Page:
• Strenuous activity. Exertional heatstroke is caused by an increase in body temperature brought on by intense physical activity in hot weather. Anyone exercising or working in hot weather can get exertional heatstroke, but it’s most likely to occur if you’re not used to high temperatures.
 In either type of heatstroke, your condition can be brought on by:
  • Wearing excess clothing that prevents sweat from evaporating easily and cooling your body
  • Drinking alcohol, which can affect your body’s ability to regulate your temperature
  • Becoming dehydrated by not drinking enough water to replenish fluids lost through sweating

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Ammonia Risks From Cat Urine

Ammonia (NH3) is an invisible compound gas. When a cat’s metabolism breaks down urea, it produces ammonia as a toxic waste eliminated through urine. A small amount of ammonia exposure to humans is common, as ammonia is also found in cleaners, textiles, woodworking, soil, air, water and other animal waste. Cat litter is absorbent enough to contain ammonia in clean litter boxes, but larger quantities that accumulate in unkempt conditions can pose some risk, especially to the elderly and young children, and persons with compromised immune systems or already developed respiratory ailments, like asthma.

Health Risks

The risk of ammonia to human health depends on the concentration and duration of exposure. Significant risk is more common in industrial situations, when persons are exposed to large concentrations of ammonia over long periods of time. While a cat may live upwards of 20 years, thus exposing its owner to years dealing with a litter box, concentrations of ammonia in clean litter is minimal. Nevertheless, knowledge of symptoms will help minimize risk.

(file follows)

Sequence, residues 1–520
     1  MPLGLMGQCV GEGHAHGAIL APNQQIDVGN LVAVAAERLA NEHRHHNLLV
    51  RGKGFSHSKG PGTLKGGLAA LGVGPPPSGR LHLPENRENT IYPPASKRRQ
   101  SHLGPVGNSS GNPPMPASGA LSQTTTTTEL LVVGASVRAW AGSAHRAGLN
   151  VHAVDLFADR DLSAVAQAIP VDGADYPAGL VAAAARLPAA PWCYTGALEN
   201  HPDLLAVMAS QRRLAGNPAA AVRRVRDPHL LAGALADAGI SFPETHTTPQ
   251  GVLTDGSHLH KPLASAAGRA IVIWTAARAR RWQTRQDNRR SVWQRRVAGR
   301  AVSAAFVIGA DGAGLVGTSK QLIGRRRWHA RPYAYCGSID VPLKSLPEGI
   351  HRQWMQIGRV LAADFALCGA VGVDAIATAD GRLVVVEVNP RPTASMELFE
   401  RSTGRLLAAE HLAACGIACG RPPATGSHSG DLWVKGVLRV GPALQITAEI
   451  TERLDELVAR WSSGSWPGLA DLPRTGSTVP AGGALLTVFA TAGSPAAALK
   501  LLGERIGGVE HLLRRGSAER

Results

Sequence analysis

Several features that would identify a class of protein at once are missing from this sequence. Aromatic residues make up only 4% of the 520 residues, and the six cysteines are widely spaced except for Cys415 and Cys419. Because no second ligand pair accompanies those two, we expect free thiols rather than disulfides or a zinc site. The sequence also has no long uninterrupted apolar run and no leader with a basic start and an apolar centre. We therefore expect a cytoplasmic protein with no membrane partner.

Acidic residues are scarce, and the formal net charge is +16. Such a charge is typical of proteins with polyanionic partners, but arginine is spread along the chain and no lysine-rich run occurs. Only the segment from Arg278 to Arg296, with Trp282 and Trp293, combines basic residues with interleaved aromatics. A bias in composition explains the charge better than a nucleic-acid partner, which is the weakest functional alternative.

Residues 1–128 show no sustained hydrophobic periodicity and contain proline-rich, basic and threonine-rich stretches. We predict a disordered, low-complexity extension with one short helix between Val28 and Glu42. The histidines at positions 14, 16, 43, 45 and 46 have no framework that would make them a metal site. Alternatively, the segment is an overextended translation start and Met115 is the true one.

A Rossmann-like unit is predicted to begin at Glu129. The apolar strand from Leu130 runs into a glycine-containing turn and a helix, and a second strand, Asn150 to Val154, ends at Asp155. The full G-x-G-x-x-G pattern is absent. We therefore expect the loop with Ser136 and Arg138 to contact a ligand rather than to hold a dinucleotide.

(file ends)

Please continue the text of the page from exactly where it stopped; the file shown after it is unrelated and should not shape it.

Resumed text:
Respiratory exposure is the most common route of ammonia exposure. If inhaled, ammonia can cause acute symptoms such as headaches, coughing, sore throat, dizziness, runny or burning nose, and a burning respiratory tract. Higher concentrations of ammonia exposure can cause bronchial conditions (such as shortness of breath, pneumonia and asthma), pulmonary edema, and in severe cases, death. If exposed, move to a well ventilated area. Eye exposure to ammonia fumes can cause itching, burning and tearing, and in severe cases, blindness. If exposed, rinse eyes well with water. Skin exposure can cause itching, burning, and stinging, and in severe cases, blistering and frost bite. If exposed, wash area thoroughly with water and soap. Ingesting ammonia can cause damage to the stomach, mouth and throat, and can cause systemic poisoning. If exposed, drink water or milk to dilute the concentration of ammonia. If significantly exposed or just concerned, contact a medical professional for further medical help or information.